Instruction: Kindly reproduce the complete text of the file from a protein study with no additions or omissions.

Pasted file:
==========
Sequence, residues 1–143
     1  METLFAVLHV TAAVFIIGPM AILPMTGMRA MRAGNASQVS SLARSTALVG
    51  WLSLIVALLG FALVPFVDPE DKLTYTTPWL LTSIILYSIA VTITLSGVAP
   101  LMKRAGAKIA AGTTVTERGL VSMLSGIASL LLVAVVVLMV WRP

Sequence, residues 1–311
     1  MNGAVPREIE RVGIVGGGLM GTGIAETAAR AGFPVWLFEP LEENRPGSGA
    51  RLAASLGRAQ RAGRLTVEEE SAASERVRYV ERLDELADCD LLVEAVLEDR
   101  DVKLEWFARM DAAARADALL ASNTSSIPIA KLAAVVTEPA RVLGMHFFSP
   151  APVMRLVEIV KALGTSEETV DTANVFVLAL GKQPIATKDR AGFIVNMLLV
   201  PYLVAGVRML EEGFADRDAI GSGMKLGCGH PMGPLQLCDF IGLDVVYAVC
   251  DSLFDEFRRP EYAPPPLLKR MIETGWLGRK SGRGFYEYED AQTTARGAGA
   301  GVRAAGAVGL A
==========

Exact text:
Sequence, residues 1–143
     1  METLFAVLHV TAAVFIIGPM AILPMTGMRA MRAGNASQVS SLARSTALVG
    51  WLSLIVALLG FALVPFVDPE DKLTYTTPWL LTSIILYSIA VTITLSGVAP
   101  LMKRAGAKIA AGTTVTERGL VSMLSGIASL LLVAVVVLMV WRP

Sequence, residues 1–311
     1  MNGAVPREIE RVGIVGGGLM GTGIAETAAR AGFPVWLFEP LEENRPGSGA
    51  RLAASLGRAQ RAGRLTVEEE SAASERVRYV ERLDELADCD LLVEAVLEDR
   101  DVKLEWFARM DAAARADALL ASNTSSIPIA KLAAVVTEPA RVLGMHFFSP
   151  APVMRLVEIV KALGTSEETV DTANVFVLAL GKQPIATKDR AGFIVNMLLV
   201  PYLVAGVRML EEGFADRDAI GSGMKLGCGH PMGPLQLCDF IGLDVVYAVC
   251  DSLFDEFRRP EYAPPPLLKR MIETGWLGRK SGRGFYEYED AQTTARGAGA
   301  GVRAAGAVGL A